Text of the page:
The speaker-mike price seems kind of steep for a $100 radio and since the radio is so new to the market, there really aren't after market speaker-mikes being marketed for this radio yet. So, last might I took a good look at the sockets for the speaker-mike and saw that they looked about the same size as the ones on my HTX-202. So I figured I would give it a try and see what happened. IT WORKED! So, if you have one of these V-80s and didn't feel like forking out the extra $35 for the speaker-mike, try finding an old HTX-202 speaker-mike.

K8DXX Rating: 5/5 May 22, 2010 20:46 Send this review to a friend
Great Value - No Compromise  Time owned: 0 to 3 months
7 - 10 years ago, a friend and I both purchased Icom T2H-Sport model HT's at Dayton; the ones with the 8 cell AA packs. We both enjoyed the 7 watts out, the economy of either alkalines or NiMH rechargeables and the noticeably superior performance we got from the supplied rubber duck antenna. Being hams, we both opted to get more expensive complex handhelds, in my case the Kenwood TH-D7A(G), Yaesu VX6R and a Kenwood THF6A. These radios did more stuff but never provided full quieting signals into local repeaters while walking our dog through the neighborhood. Isnít that what people buy HTs for?

Recently, I noticed the V80-Sport and W2DIís comment that the supplied rubber duck worked like the one from the T2H. Previously, I had used rechargeable AAs in the T2H and an FT-817 without incident (despite warnings in both radio manuals). A fellow ham and electrical engineer opined that these warnings against using NiMH rechargeables was probably the manufacturersí protective legalese. In the event that an unfused NiMH pack was shorted, it could explode. Vowing not to short the BP 263ís terminals, I purchased some Sanyo Enveloop AA cells. They are supposed to retain 85% of their charge over 1 year on the shelf. Standard NiMH cells loose 1 - 2% per day. The Enveloop power retention is rated to be as good as a LIon pack and are a lot less expensive. The Sanyo factory charge (how long ago?) lasted 2 days at Dayton plus a week of casual TX/RX around the house. Only on 5.5 watt TX did the batteries show any sign of dying. RX and mid - low power TX were still fine.

So, how does it work? Running full power (5.5 watts), I can hit more repeaters with a full quieting signal than any of the more expensive HTs could, even after adding a $30 aftermarket antenna. The radio seems rugged. The seal between the battery pack and case is good and tight. However, it does take a coin to unlatch it. On air use indicates that moving mic gain from the default 2 to 3 (4 being highest) improves the transmit audio. The RX shows no intermod when sitting next to my IC 7000 running 50 watts on 2 meters. I found it necessary to spend perhaps an hour in the manual to program memories and become familiar with other set and forget items. The one button access to 10 marine WX channels is a nice touch.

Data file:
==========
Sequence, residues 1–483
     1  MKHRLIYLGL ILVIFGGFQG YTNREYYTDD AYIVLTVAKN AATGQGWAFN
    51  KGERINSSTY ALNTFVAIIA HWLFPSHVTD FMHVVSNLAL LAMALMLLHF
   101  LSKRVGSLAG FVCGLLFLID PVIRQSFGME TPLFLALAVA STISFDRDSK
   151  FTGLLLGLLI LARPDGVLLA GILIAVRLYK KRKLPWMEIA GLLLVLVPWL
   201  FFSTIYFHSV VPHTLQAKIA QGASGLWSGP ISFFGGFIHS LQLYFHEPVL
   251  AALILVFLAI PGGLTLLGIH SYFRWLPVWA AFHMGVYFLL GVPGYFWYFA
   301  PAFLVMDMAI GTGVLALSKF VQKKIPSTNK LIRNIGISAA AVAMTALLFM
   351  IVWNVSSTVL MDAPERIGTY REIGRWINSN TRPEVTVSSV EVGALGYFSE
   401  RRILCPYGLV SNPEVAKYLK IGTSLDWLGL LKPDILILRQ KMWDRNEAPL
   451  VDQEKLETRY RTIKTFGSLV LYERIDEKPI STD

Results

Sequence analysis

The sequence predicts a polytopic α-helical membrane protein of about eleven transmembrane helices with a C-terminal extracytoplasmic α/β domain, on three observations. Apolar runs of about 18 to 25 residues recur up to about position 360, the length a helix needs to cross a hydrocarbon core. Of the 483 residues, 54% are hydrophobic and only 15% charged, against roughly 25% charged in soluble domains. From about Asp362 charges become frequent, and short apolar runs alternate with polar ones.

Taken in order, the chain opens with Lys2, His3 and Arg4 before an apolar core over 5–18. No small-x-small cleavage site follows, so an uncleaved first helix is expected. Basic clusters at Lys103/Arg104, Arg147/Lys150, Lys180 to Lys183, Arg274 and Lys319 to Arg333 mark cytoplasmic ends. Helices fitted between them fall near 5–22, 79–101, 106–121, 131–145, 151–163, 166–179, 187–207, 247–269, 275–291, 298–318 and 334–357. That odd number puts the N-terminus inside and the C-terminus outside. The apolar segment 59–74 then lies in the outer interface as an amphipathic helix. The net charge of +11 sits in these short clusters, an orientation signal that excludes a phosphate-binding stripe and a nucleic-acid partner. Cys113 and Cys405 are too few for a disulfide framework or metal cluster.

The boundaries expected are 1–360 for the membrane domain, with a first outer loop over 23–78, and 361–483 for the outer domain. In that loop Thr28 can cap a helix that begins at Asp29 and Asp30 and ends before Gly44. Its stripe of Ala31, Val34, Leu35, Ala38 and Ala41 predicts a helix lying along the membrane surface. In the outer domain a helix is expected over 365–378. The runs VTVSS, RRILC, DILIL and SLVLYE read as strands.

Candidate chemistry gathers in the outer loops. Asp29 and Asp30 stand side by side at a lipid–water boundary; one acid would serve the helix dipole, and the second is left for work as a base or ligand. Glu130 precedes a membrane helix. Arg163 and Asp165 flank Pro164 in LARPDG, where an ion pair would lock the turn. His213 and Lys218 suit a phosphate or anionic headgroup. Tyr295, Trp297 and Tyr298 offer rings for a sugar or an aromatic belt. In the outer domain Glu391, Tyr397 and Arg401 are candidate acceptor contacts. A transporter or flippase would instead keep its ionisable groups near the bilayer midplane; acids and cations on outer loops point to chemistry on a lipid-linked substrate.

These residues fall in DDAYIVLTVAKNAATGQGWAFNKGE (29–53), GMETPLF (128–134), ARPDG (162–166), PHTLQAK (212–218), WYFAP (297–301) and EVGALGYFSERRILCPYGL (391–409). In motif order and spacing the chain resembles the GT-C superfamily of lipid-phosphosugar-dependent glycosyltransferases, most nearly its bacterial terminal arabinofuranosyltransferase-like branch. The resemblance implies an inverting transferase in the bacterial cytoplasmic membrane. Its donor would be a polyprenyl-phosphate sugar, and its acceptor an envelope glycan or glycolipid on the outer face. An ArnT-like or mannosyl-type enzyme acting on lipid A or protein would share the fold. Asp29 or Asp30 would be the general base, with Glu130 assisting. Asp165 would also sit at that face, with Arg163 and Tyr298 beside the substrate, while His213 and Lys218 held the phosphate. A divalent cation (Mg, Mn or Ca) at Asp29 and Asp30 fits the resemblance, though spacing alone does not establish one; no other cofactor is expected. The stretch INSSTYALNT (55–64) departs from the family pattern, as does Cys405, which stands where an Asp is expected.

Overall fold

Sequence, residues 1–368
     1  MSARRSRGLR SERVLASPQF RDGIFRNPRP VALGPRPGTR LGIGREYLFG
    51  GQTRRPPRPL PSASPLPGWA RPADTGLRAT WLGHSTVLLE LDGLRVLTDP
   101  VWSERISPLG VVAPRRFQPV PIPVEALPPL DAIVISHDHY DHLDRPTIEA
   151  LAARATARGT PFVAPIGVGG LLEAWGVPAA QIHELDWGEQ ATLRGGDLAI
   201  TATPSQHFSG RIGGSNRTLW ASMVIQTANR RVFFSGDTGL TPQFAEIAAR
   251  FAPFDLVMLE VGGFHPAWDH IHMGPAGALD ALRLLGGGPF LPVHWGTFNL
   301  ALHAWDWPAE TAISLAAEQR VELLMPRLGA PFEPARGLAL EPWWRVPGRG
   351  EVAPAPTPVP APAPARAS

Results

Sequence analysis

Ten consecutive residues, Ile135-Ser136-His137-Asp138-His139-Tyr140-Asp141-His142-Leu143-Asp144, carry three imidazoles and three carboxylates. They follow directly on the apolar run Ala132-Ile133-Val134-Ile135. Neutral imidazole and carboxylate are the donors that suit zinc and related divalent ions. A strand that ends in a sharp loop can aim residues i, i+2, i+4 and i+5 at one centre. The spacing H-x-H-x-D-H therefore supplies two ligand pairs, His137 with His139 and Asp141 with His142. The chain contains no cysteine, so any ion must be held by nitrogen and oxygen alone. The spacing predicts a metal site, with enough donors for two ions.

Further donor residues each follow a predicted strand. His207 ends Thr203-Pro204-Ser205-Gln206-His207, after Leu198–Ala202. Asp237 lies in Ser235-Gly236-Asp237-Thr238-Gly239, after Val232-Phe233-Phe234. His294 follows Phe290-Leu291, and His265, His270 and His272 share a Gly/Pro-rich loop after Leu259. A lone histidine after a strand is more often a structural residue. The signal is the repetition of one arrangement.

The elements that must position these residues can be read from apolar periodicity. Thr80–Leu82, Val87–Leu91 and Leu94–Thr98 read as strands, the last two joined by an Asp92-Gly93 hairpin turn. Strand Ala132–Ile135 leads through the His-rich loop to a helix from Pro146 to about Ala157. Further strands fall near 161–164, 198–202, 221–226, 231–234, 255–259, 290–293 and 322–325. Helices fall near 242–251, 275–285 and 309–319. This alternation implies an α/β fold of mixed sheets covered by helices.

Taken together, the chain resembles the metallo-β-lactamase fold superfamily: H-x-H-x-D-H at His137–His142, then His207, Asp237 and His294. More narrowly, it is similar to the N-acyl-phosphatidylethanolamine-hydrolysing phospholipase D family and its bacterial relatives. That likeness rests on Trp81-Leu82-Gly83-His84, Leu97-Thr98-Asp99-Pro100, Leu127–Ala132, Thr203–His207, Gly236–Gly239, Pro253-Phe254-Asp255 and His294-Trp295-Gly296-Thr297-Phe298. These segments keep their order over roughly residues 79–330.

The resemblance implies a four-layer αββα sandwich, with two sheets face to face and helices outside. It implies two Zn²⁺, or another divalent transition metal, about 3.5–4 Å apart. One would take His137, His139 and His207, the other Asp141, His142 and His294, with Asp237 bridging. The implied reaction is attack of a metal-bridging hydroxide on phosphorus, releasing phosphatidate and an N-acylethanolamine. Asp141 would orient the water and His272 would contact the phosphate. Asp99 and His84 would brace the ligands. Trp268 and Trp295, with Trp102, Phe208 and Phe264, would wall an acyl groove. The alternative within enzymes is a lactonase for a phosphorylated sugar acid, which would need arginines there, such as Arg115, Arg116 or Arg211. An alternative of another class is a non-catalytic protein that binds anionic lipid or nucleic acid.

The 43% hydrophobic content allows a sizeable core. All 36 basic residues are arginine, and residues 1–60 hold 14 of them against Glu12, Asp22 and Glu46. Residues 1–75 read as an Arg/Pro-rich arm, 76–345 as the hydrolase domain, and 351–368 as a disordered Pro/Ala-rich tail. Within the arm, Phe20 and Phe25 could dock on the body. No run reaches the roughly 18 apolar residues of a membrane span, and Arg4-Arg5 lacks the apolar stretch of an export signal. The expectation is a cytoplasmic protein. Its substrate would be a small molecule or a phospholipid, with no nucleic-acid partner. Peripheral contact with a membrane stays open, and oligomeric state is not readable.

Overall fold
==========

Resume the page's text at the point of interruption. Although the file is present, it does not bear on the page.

IMHO, the V80-Sport provides the best bang for the buck in terms of hand held 2 meter communications.
W2DI Rating: 5/5 Apr 9, 2010 20:14 Send this review to a friend
Solid, basic HT  Time owned: 0 to 3 months
I have the sport model of this radio but purchased the LiO battery and quick-charging stand.

The V80 has a very solid and comfortable feel. It is a 'commercial quality' type radio feel.

It doesn't have many of the extras you may find on other radios, but the performance is outstanding. Receive audio is loud and full while transmit audio is also robust (there is an adjustment for trans audio, #2 working great on the 1-4 scale).

Power choices of 5.5, 2.5 and 0.5 watts are very convenient. I can hit nearby repeaters with 0.5 watts inside my steel and concrete work building.

The supplied antenna is the same having been used on the T2H and the V8 and leaves nothing to be desired. Plus, it's a BNC connection.

Battery longevity is good. I purchased the LiO battery and quick charger, the prices not being all that bad for the extras. The original alkaline holder is now a convenient back-up.

On the downside, there is no DC connection (which I personally never use anyway - it's a handheld), and the alpha tags are somewhat strange looking, some upper case letters, some lower case, giving the name an odd look.

As with some of the YAESU handhelds, the battery holder clip is very, very tight. It's a solid grab with no looseness but often you need a coin to pry it open! What I did with the YAESU radios (ie. FT-60) and with the V80 is carefully file the catch point on the BATTERY and/or ALKALNE HOLDER, a little at a time, until latching and unlatching the battery case is still tight, but capable of being done with your thumb. Now, it is just right; but this must be carefully done a little at a time and on the battery, NOT the latch itself.

So it isn't perfect, but nothing is. I rate it a 5 for performance (especially audio both ways), good RX sensitivity and TX range, and very solid construction... and that's why I got it.

Thanks for reading.

Joe -- W2DI